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Wed July 24, 2013
Military Signals Impending Crackdown On Morsi Supporters
Originally published on Wed July 24, 2013 6:21 pm
ROBERT SIEGEL, HOST:
From NPR News, this is ALL THINGS CONSIDERED. I'm Robert Siegel. The U.S. has delayed plans to deliver F-16 fighter planes to Egypt. The move is intended to send a message of concern about the Egyptian military's management of the country after ousting the elected president. The news came on the same day that Egypt's military chief, General Abdul Fatah al-Sisi, called for mass demonstrations.
He asked Egyptians to gather later this week in support of the army. Analysts are interpreting that as a sign of an impending crackdown on the Islamist supporters of former President Mohammed Morsi. Morsi's allies called it a declaration of civil war. NPR's Leila Fadel has more from Cairo.
GENERAL ABDUL FATAH AL-SISI: (Speaking foreign language)
LEILA FADEL, BYLINE: Addressing a graduating class of military cadets in Alexandria, General al-Sisi called on all honorable, honest Egyptians to take to the streets on Friday. To give me a mandate and an order, he said, to confront the potential of violence and terrorism. Violence has already escalated across the country in the three weeks since the military ousted Morsi. Dozens have been killed and hundreds wounded in clashes between Morsi's supporters and the security forces, as well as between rival groups of protestors.
General al-Sisi's speech seems to signal a further escalation. His critics fear that what he's really seeking is carte blanche to go back to the days before the 2011 uprising, when members of the Muslim Brotherhood and other Islamist groups were routinely arrested and imprisoned.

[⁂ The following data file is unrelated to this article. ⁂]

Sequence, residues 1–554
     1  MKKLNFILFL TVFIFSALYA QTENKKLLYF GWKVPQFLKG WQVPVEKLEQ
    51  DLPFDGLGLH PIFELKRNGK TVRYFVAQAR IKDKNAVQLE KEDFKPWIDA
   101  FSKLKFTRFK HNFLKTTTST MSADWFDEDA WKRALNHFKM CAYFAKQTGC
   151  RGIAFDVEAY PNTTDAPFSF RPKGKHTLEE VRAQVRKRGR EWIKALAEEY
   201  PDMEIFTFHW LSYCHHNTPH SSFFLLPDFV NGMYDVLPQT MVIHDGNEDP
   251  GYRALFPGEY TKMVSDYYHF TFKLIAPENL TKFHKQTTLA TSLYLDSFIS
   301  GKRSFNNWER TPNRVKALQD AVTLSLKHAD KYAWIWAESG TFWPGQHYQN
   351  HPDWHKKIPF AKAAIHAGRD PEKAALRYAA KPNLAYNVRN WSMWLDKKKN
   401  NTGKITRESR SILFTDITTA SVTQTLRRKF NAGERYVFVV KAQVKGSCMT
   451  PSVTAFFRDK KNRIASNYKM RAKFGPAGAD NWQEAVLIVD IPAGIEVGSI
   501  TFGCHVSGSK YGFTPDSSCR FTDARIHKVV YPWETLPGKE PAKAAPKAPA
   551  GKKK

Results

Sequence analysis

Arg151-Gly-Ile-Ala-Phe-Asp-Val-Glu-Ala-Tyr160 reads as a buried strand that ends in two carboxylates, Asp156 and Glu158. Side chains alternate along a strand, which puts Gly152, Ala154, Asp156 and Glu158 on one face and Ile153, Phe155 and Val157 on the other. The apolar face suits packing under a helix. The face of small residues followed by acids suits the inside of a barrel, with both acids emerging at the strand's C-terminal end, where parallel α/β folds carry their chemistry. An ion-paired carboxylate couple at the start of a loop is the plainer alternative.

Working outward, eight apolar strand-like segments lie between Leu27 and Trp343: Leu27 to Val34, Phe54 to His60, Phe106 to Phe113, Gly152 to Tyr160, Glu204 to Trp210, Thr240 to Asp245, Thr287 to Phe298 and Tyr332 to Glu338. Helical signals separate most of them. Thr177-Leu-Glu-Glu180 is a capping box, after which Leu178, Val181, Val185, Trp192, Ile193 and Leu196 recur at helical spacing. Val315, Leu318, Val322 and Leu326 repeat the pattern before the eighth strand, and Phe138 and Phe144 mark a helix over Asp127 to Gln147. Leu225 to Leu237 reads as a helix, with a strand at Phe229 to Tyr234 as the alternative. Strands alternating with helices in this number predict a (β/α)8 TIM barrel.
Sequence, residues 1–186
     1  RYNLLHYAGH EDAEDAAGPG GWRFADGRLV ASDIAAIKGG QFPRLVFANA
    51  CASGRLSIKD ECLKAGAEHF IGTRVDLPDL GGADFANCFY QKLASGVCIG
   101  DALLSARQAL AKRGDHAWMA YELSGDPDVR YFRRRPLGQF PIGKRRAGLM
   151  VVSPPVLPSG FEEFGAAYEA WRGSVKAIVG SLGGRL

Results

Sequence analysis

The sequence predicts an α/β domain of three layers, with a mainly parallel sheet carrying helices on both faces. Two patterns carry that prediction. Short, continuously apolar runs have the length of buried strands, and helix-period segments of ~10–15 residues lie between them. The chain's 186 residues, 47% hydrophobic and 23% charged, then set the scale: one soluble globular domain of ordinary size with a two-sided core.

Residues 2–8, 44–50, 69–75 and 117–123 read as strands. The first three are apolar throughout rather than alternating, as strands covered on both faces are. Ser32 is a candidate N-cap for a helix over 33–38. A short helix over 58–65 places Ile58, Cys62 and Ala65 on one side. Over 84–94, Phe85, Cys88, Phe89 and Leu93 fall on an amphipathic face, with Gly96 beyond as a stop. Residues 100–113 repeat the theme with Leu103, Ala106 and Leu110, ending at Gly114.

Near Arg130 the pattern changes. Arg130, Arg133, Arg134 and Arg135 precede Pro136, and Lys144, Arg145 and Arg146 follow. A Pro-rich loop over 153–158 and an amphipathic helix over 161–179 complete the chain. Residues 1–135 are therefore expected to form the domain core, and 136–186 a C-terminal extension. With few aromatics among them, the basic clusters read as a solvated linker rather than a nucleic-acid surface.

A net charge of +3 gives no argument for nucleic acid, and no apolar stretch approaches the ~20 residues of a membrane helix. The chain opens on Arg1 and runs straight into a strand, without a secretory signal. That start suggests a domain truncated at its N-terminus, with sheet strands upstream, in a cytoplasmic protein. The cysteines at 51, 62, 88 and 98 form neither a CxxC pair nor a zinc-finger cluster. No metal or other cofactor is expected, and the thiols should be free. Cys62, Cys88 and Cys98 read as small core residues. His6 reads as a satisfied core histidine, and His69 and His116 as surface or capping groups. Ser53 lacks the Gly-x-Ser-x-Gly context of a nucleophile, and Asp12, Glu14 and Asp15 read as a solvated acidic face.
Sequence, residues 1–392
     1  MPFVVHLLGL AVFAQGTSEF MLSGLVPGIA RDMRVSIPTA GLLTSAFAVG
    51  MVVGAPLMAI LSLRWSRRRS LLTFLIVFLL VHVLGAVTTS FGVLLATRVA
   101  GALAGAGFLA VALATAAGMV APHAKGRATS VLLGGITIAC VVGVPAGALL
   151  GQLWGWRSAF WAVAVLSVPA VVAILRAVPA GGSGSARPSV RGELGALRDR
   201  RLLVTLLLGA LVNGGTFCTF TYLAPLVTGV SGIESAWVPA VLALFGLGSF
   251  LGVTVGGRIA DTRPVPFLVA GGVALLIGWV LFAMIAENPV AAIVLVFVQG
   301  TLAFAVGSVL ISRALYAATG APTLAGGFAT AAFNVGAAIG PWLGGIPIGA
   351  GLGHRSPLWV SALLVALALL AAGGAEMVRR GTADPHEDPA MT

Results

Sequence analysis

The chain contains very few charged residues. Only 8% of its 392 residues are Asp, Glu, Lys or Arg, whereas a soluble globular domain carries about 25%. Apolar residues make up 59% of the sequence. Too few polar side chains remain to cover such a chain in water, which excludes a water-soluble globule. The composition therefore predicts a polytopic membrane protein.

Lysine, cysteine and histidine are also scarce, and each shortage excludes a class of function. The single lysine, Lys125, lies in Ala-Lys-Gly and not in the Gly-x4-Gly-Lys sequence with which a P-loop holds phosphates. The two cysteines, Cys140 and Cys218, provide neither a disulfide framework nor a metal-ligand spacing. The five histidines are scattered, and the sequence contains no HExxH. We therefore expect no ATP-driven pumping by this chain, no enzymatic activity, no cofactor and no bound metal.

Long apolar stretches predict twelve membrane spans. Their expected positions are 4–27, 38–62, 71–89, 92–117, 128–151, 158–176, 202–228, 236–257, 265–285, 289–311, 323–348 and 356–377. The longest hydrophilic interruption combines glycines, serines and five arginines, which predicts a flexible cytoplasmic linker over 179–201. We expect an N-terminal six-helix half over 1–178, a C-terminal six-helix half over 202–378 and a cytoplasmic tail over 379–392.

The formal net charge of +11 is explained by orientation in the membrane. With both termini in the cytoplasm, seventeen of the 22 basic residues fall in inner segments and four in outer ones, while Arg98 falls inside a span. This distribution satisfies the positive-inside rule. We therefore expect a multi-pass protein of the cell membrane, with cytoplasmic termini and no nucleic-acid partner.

GEHAD AL-HADDAD: That the threats made by al-Sisi, leader of the military coup, is nothing short of a full (unintelligible) on civil war and a warning that massacres will be held under a false cover of popular support. We assert that the blood of the martyrs will always and forever be victorious on the bullets of treason.
FADEL: That's a Muslim Brotherhood spokesman, Gehad al-Haddad, speaking at a press conference in the middle of a sit-in of Morsi supporters in eastern Cairo. The pro-Morsi camp responded to General al-Sisi's speech with a call for rival demonstrations, pledging to fill all public squares. If that leads to violence, Haddad says, all that bloodshed will be on Sisi's hands.
He says the military chief already deserves to be tried in an international criminal court for crimes against humanity. With the rhetoric and the violence escalating, few here have much hope for reconciliation, at least in the near-term. Haddad spoke to NPR shortly before General al-Sisi's address.
AL-HADDAD: We all live with the consequences that we make. And the consequences that we have to live with are the army bullets tearing our flesh. But the consequences that the rest of Egypt's going to have to live with is a new cycle of military dictatorship with a civilian face slapped on top of it.
FADEL: Al-Sisi's speech made it clear that the military also believes the time for talk is over.
AL-SISI: (Speaking foreign language)
FADEL: Speaking to the Egyptian people, Sisi said, I ask you now to show the world your will and determination. If others want terror, the police and the army will do what's necessary to confront it. His call for mass protest drew an immediate response from Tamarod for rebellion, the grassroots group that organized the signature campaign that led to Morsi's ouster.
Many Egyptians will likely heed this latest call. The protest inspired by Tamarod late last month drew the largest crowd since the 2011 uprising against Hosni Mubarak and the group is already pledging its support for the armed forces in what it called its upcoming war against terrorism. Analysts here accuse both the military leadership and the Muslim Brotherhood of playing with Egyptian lives to achieve their ultimate goals.
These analysts are quick to point out that a full-blown civil war here is unlikely, but as long as Egypt remains polarized, low intensity violence will continue with the potential for it to spiral out of control. Leila Fadel, NPR News, Cairo. Transcript provided by NPR, Copyright NPR.